Arts

Thinking Big

Neal Stephenson's new novel, Reamde, takes a long look at a futuristic worldof online gaming and intrigue
stephenson STEPHENSON'S SENSE OF SNOW CRASH: Author Neal Stephenson doesn't shy away from mind-bending plots. Courtesy of the Author

NEAL STEPHENSON occupies a unique place in the world of literature. He writes extremely smart and obscenely long novels about science, history, philosophy and mathematics. And not only does he manage to get these things published, but somehow they always become bestsellers.

His last novel, Anathem (2008) was 935 pages long, focused heavily on an alternative history of philosophical and scientific thought, featured a lengthy glossary of invented terms and had two appendices covering mathematics and one covering metaphysics. The day it came out, I bought a copy at Costco.

But one of the reasons for Stephenson's commercial success is that he is not just dedicated to ideas, he is dedicated to telling fun adventure stories. And this is the aspect of Stephenson that you are most likely to notice when reading his latest novel, Reamde (William Morrow). If this 1,044-pager looks massive, perhaps that's because Stephenson wanted to build a monument to the power of plot.

"My basic stance towards the novel," Stephenson told me over the phone, "is that the novel is first and foremost a medium of mass pop culture. It can also be a work of fine art, in the sense of, you know, ballet or an opera. But in its basic roots, it's a mass-culture phenomenon. The people who wrote those 19th-century serialized blockbuster novels understood that. They were making stories that appealed to a huge swath of the population. And they were able to entertain them and reach a lot of people, while still producing work that has literary qualities that we still find respectable today."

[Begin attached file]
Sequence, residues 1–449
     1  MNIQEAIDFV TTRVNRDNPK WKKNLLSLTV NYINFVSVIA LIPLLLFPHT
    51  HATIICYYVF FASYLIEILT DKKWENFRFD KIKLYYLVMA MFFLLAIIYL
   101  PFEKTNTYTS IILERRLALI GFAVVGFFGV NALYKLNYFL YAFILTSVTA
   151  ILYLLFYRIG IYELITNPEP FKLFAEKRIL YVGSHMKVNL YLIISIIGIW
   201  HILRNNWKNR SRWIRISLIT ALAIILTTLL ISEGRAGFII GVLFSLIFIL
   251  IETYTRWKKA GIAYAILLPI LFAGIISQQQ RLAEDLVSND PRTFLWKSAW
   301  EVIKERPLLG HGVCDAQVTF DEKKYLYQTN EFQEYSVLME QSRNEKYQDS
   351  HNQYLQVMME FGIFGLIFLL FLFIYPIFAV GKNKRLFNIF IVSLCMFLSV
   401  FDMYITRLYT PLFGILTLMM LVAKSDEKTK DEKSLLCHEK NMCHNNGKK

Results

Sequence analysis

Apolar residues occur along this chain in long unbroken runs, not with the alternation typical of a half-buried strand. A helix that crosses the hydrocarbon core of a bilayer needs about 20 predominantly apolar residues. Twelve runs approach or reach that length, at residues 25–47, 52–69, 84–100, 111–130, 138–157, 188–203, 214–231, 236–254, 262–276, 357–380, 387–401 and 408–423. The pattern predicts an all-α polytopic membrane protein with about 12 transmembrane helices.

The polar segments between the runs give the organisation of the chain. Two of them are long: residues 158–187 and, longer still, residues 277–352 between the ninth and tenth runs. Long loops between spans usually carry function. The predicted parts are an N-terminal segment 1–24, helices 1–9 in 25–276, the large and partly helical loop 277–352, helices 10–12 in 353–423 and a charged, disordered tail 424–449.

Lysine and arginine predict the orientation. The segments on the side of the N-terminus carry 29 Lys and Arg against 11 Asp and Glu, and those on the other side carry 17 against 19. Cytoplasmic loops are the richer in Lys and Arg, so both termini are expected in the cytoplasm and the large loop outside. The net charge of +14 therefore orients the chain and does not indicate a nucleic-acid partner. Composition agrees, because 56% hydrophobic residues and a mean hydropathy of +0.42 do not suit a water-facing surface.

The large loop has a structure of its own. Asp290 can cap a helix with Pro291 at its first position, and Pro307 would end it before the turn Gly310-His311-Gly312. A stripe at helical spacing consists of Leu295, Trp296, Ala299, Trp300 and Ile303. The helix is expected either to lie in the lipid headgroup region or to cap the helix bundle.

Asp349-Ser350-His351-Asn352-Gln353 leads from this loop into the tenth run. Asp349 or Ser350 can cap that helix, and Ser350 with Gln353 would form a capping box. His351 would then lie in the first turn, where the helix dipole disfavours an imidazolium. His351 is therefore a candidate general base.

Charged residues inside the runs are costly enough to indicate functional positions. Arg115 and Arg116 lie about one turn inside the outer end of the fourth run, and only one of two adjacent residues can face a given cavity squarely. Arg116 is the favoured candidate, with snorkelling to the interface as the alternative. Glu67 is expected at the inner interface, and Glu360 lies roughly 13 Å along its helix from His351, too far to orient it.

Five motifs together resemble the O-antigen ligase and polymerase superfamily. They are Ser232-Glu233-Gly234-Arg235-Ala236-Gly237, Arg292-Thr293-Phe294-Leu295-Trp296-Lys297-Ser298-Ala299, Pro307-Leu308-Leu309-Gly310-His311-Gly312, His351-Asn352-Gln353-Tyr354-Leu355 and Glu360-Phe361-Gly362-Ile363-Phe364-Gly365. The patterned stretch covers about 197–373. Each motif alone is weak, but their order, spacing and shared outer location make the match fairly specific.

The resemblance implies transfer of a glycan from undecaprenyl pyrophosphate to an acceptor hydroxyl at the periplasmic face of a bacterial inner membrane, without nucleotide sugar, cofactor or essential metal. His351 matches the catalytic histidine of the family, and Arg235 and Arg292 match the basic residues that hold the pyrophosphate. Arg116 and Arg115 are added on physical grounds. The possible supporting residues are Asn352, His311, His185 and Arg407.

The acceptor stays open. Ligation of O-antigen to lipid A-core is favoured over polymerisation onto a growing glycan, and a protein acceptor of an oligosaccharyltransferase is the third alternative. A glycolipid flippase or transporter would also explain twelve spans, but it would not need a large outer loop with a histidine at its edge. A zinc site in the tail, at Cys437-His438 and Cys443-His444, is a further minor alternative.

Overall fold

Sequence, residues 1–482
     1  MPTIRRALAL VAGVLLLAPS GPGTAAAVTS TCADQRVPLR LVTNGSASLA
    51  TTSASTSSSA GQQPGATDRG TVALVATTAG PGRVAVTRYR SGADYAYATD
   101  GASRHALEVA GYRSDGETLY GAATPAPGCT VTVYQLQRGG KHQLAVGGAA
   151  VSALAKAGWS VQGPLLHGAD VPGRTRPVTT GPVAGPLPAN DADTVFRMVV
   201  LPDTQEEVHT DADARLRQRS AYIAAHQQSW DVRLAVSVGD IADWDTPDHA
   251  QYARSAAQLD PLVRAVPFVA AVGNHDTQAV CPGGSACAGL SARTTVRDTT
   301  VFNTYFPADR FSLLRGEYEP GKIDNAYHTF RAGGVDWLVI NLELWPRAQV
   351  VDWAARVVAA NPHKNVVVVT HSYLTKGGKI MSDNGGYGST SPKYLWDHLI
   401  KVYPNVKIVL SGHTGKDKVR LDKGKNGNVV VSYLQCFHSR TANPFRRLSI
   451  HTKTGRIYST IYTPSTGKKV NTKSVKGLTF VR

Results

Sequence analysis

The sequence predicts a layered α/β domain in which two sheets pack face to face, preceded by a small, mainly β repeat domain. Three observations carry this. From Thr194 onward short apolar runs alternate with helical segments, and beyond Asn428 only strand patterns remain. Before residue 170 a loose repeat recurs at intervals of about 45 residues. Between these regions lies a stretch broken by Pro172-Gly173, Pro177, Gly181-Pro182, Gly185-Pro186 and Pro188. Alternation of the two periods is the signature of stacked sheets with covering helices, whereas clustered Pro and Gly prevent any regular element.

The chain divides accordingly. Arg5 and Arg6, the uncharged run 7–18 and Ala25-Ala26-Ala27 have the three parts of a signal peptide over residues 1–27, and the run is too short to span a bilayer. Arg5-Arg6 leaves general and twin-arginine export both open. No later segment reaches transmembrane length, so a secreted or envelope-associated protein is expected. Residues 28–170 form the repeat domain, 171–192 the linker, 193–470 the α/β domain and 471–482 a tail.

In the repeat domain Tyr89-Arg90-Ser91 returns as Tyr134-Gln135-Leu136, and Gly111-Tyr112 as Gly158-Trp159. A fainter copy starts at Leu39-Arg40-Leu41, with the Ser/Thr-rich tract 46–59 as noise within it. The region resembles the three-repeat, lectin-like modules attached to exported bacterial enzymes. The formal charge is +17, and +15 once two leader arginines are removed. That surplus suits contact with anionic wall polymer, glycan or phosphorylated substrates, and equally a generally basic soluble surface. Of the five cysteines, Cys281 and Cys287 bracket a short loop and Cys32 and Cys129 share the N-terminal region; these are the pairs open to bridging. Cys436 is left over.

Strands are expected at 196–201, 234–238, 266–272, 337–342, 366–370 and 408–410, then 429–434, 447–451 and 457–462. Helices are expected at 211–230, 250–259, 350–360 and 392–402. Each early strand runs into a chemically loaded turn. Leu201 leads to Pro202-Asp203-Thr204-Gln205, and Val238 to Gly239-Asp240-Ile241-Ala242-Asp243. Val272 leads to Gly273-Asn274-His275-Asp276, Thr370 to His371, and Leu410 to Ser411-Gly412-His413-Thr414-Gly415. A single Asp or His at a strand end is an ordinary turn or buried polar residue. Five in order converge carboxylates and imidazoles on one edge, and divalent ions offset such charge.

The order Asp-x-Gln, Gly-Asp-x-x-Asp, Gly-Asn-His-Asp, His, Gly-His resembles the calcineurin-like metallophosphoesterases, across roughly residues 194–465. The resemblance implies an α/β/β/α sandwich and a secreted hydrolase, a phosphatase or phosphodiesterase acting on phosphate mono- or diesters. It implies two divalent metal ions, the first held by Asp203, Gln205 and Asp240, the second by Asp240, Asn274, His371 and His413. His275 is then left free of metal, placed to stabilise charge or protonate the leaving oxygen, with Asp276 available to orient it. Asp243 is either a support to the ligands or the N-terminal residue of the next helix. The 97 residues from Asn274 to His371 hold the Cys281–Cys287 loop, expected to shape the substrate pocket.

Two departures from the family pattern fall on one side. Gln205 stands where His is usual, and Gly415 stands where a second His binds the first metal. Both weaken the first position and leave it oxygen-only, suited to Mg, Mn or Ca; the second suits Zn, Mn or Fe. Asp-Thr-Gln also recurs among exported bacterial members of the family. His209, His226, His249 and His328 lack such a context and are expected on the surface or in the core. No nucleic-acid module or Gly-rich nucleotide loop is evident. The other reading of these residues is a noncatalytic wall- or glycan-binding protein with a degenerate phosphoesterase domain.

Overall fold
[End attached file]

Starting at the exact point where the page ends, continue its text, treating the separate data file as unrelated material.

Stephenson's first big success as a novelist was Snow Crash in 1992, a semisatirical science-fiction novel about a pizza-delivery boy/swordsmen/hacker, set in a future United States in the process of run-away privatization, with much of the country divided into franchises of for-profit suburban micro-states.

Along with descriptions of American hyperinflation, adventures of teenaged delinquents and lengthy jaunts into Sumerian myth, Stephenson presented an early and compelling vision of a virtual online world. He wrote of people controlling "avatars" in "the Metaverse" and occasionally getting into duels to the virtual death. Snow Crash is now widely regarded as a classic, especially among the sorts of people most likely to built virtual worlds.

With Reamde, Stephenson returns to the subject of virtual worlds, but this time the setting is contemporary, and the virtual world a popular massively multiplayer online role-playing game (or MMO) called T'Rain.

The game is not all that unlike World of Warcraft, but it is designed from the ground up (literally, as it's a matter of virtual geology here) to support gold farmers—those players who grind away at the game in order to collect virtual wealth to sell to other players. While WoW cracks down on them, T'Rain embraces them, with a monetary policy that is tied to the mineral output of the world and a payment system envisioned by the game company's founder, a draft dodger and former drug smuggler, well acquainted with money-laundering.

I asked Stephenson how he came to write about an a multiplayer online game.